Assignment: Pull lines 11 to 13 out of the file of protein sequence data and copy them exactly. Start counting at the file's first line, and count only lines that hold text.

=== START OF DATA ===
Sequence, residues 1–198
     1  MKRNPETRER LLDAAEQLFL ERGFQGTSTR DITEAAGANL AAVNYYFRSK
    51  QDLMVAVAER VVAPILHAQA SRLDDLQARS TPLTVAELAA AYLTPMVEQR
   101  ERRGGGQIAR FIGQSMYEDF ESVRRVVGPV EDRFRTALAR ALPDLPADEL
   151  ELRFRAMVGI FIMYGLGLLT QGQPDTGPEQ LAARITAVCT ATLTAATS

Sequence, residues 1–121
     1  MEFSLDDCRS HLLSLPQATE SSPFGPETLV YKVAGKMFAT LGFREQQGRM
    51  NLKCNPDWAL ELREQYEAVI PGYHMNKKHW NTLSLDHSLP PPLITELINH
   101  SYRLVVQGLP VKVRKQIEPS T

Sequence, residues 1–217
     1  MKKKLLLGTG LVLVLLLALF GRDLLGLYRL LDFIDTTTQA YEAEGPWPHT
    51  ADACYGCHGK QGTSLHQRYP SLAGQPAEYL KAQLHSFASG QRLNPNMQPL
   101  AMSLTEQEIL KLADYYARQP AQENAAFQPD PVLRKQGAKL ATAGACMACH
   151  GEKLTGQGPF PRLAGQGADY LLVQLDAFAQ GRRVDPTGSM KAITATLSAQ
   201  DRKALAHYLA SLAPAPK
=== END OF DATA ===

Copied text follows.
     1  MKKKLLLGTG LVLVLLLALF GRDLLGLYRL LDFIDTTTQA YEAEGPWPHT
    51  ADACYGCHGK QGTSLHQRYP SLAGQPAEYL KAQLHSFASG QRLNPNMQPL
   101  AMSLTEQEIL KLADYYARQP AQENAAFQPD PVLRKQGAKL ATAGACMACH